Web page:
On the subject of nuclear energy it’s important to note that nuclear fuel is actually counted as a capitalized expense instead of a cost of goods sold or other expense. This is because it has a life of roughly five years in a reactor. In that case of Exelon that’s important because they are spending roughly a sixth of their capital budget each year on nuclear fuel. When you look at the cash flow Exelon generates each year they will be diverting a fairly consistent amount of it toward the purchase of nuclear fuel. This is important to note when making comparisons because it isn’t capital spent to grow generation capacity.
Where Exelon will be adding to their generation pie is by growing their renewable generation. They are spending $1.15 billion on wind and $1.475 billion on solar over the next three years or about $400 million on each annually. In 2012 they’re constructing 404 MWs of wind projects with another 500 MWs to 1000 MWs to be developed or acquired over the next five years. Solar has them adding 100 MW this year and another 150 MW next year. They’ll still be a far cry from NextEra in terms of wind or solar capacity and won’t be catching them anytime soon either. NextEra will be spending twice what Exelon has budgeted over the next three years at around $6 billion on wind and solar expansion. Still, Exelon’s renewable expansion represents a bulk of their growth capex over the next few years.
One thing I found interesting about how Exelon’s spending is there is no real push into increasing their natural gas generation capacity. Gas represents 28% of their generation capacity and it’s well known to be both abundant and cheap here in the United States. However they are focused on adding more nuclear and renewable capacity to their generation feet. Not that there is anything wrong with that, it did stick out to me. However, it is interesting to note how each generating company is going about adding capacity. Dominion (NYSE: DOM) for example is spending heavily to add gas generating capacity. With that they expect to grow earnings by 5% to 6% annually and have traditionally grown their dividend by at least that amount over the past five years.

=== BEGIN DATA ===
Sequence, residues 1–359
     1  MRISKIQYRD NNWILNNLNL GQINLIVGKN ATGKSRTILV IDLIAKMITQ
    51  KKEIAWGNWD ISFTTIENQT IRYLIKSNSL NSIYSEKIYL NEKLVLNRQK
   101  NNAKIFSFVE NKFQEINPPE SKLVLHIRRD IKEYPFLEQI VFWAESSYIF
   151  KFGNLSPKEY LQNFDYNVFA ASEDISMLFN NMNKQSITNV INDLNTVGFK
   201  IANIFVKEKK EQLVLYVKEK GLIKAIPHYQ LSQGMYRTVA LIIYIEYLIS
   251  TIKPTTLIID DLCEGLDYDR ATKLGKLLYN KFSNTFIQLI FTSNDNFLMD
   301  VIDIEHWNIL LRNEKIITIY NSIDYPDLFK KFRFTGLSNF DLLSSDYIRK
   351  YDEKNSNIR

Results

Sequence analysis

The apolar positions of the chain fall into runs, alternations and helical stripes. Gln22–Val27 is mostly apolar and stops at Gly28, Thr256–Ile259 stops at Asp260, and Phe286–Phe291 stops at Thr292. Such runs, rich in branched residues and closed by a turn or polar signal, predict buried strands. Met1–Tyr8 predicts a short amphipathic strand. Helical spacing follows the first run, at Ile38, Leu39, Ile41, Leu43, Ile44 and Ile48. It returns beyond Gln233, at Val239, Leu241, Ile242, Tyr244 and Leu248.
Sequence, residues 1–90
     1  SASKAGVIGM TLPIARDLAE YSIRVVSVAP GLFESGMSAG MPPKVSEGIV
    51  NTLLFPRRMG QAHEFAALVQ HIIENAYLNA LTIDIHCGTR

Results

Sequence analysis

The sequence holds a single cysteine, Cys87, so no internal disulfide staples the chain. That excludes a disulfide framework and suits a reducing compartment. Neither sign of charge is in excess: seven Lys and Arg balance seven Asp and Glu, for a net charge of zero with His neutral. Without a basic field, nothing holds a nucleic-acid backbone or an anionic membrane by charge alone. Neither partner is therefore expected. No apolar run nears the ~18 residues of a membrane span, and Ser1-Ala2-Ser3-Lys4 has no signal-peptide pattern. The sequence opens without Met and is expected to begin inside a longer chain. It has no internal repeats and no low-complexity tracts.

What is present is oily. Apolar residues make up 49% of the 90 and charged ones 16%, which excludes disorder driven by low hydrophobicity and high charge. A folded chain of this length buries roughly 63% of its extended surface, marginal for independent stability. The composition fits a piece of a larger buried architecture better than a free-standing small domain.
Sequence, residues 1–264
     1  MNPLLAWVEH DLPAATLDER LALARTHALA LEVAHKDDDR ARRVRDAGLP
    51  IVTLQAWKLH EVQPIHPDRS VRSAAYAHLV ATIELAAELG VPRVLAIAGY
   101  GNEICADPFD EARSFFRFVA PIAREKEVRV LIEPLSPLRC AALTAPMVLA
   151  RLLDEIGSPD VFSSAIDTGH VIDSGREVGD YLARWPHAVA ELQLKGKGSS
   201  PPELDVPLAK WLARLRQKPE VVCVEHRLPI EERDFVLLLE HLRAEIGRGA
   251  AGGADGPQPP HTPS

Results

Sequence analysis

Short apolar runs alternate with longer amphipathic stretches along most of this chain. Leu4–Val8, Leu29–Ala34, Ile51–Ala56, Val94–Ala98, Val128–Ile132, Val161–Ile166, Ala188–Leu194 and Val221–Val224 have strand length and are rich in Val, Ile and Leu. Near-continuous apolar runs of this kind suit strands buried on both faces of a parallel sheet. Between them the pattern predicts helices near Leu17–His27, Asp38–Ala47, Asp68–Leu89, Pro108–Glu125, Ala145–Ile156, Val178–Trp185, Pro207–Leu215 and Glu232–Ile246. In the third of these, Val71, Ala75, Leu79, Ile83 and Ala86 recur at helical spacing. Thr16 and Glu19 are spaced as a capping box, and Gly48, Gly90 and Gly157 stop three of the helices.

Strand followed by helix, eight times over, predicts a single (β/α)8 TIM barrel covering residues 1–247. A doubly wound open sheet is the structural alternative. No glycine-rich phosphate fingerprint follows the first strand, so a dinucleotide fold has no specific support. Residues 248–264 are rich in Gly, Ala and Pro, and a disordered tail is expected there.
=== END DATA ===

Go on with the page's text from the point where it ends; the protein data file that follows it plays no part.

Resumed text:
Exelon’s though it should be noted has one of the best dividend yields in the utility sector at 5.75%, and their management is committed to keeping the existing dividend rate. While the company will spend nearly $7 billion on capex projects this year, just over $2 billion will be spend for growth. So sit back and enjoy those checks and as while you wait for those growth projects begin to come online and the full benefits of the merger kick in. When they do, you’ll be glad you did.
latimerburned has no positions in the stocks mentioned above. The Motley Fool has no positions in the stocks mentioned above. Motley Fool newsletter services recommend Exelon and Southern Company. Try any of our Foolish newsletter services free for 30 days. We Fools may not all hold the same opinions, but we all believe that considering a diverse range of insights makes us better investors. The Motley Fool has a disclosure policy.If you have questions about this post or the Fool’s blog network, click here for information.